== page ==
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Reviewed by Janet Jensen for Readers' Favorite
It is 1946 and Christina Tucker is ready for a new start in life. A nurse who has cared for injured WW11 soldiers, she moves to Longstock, Wisconsin, to work for Dr. Samuel Barlow, a general practitioner. Christina is soon smitten with Dr. Barlow's nephew, Tyler Sutter, and drawn to Tyler’s brother Holden, who suffers from post traumatic stress disorder. She discovers that Dr. Barlow is addicted to morphine, which he takes to ward off nightmares from his service in the Great War (World War 1). Christina becomes the unknowing target of Luther, an alcoholic who blames Dr. Barlow for the death of his younger brother, Donny, though in truth Donny died from injuries sustained in an auto accident in which Luther is at fault. Vowing revenge, Luther thinks that by hurting Christina, he will hurt Barlow. Christina is also the target of Annette, who has loved Tyler since childhood and has fantasies that they will marry, though Tyler has never cared for her. Will she just get rid of Christina?
Meanwhile, Christina becomes the confidante of both Dr. Barlow and Holden, and encourages them to talk about their experiences in the war, experiences that traumatized them and keep them from moving forward in their lives. Christina is quick to judge and offers simplistic solutions for very complex problems, but she seems to get through to Dr. Barlowe and Holden, helping them deal with their unresolved war traumas, and she learns to appreciate and love Tyler, the multi-talented, complex and caring man that he is. Some events occur offstage, which is less effective than seeing the events firsthand through the eyes of the characters as they happened. The issue of soldiers returning home from war with untreated post-traumatic stress disorder is addressed (and is just as pertinent for today’s veterans; though treatment is more readily available now, many continue to suffer).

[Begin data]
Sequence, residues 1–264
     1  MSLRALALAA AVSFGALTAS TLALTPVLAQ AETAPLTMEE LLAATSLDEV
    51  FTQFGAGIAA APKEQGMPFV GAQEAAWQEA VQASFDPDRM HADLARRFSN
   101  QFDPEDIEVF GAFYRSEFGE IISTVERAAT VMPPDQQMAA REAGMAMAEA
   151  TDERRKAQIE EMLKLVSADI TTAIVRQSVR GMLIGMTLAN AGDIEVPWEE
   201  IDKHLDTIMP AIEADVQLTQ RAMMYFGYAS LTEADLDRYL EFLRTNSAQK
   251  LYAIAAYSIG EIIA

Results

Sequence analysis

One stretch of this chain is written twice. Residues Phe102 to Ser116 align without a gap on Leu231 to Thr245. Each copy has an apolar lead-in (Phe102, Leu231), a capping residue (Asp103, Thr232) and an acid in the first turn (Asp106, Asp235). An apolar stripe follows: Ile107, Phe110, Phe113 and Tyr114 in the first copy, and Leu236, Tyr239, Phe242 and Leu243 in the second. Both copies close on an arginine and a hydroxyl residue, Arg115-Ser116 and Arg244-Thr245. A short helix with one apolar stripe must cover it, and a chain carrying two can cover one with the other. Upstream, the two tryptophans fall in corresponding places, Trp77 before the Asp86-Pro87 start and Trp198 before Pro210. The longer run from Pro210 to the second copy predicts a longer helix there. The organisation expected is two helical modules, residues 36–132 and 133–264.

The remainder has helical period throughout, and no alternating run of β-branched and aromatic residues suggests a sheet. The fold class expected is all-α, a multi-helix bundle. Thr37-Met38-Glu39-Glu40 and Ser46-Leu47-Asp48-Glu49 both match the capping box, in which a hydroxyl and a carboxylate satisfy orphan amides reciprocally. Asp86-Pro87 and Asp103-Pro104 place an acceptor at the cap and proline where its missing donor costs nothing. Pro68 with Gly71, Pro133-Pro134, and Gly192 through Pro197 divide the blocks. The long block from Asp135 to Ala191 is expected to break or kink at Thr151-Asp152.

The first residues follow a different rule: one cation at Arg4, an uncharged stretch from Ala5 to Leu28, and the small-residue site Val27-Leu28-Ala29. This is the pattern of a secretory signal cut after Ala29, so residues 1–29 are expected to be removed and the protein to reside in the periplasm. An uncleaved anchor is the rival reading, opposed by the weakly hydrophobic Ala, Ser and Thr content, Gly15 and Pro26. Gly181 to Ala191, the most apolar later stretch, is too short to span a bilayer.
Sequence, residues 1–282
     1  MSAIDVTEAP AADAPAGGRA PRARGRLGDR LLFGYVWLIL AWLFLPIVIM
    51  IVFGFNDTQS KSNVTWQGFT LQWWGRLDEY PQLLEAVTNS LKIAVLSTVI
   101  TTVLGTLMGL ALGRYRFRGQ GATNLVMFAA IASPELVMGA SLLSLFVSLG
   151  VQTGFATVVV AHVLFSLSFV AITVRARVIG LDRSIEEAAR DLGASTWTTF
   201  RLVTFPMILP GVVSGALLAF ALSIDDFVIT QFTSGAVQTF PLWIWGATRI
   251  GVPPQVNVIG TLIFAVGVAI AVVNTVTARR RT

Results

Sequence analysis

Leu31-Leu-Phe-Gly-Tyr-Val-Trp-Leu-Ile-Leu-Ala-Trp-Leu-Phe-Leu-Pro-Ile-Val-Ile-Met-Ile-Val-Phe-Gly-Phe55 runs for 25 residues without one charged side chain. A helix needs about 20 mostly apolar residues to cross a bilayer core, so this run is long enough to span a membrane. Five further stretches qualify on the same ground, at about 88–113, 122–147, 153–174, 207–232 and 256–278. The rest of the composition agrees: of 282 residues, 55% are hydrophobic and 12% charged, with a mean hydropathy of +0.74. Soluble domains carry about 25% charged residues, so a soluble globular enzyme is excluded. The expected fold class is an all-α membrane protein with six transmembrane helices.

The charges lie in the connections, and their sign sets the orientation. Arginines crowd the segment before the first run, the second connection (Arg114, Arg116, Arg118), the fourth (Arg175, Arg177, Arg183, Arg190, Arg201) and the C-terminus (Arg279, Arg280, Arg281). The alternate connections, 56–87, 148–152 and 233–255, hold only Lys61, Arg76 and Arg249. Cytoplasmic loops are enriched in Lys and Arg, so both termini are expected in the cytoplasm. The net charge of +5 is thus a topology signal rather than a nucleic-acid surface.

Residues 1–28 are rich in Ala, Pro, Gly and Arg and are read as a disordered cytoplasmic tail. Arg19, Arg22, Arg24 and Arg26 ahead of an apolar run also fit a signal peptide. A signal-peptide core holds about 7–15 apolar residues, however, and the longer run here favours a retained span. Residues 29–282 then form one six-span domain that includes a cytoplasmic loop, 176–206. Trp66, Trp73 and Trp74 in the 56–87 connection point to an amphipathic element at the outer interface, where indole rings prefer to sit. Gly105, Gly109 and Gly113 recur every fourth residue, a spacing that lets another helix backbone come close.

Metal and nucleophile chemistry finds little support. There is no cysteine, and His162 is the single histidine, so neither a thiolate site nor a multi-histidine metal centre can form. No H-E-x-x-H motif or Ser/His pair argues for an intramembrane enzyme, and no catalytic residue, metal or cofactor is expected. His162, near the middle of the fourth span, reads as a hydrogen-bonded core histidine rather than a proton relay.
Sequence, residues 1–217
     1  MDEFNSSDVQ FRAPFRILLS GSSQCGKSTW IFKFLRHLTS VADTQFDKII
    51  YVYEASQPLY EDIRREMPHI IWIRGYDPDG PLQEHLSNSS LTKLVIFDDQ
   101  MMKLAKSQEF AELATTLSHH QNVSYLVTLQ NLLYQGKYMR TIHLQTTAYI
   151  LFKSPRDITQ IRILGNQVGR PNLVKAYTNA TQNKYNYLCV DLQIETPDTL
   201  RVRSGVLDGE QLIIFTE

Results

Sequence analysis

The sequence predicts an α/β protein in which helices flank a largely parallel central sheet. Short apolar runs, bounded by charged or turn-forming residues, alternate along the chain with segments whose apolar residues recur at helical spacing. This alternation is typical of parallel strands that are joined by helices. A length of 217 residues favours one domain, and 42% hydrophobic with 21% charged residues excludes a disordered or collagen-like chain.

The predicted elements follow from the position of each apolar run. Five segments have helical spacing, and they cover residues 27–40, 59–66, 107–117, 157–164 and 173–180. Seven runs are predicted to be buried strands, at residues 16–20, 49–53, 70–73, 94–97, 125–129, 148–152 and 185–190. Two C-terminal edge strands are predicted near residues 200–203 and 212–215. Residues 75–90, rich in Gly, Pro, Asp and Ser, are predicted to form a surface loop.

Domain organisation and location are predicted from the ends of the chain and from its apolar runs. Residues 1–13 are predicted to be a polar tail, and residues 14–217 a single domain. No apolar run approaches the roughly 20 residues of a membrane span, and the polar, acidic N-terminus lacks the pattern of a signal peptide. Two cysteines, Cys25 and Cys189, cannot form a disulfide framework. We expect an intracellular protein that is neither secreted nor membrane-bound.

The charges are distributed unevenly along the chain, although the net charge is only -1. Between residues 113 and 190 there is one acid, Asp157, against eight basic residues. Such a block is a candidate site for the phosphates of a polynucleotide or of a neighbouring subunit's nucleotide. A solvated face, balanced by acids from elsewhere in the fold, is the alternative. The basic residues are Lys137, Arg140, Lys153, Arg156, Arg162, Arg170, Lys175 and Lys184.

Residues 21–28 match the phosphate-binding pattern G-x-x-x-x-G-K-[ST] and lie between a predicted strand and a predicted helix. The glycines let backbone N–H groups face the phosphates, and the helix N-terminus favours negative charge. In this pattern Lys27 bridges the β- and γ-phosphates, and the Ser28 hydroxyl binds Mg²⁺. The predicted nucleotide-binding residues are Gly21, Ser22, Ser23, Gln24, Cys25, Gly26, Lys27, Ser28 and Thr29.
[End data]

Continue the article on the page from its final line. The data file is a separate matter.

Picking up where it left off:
There are interesting well-drawn minor characters in this book including Callie, a wise and nurturing black woman who runs Dr. Barlow’s office, and Eunice, an elderly patient with whom Dr. Barlow has a longstanding love-hate relationship. When she dies, however, we learn that Dr. Barlow has lost a true friend and confidante. There is one descriptive sex scene which seems inconsistent with the overall tone of the book.
Though the various story lines climax with some violent confrontations, the epilogue gives closure to each character’s story in a satisfying conclusion. The audio narration by Susan Boyce is excellent, as she has a distinctive voice for each character.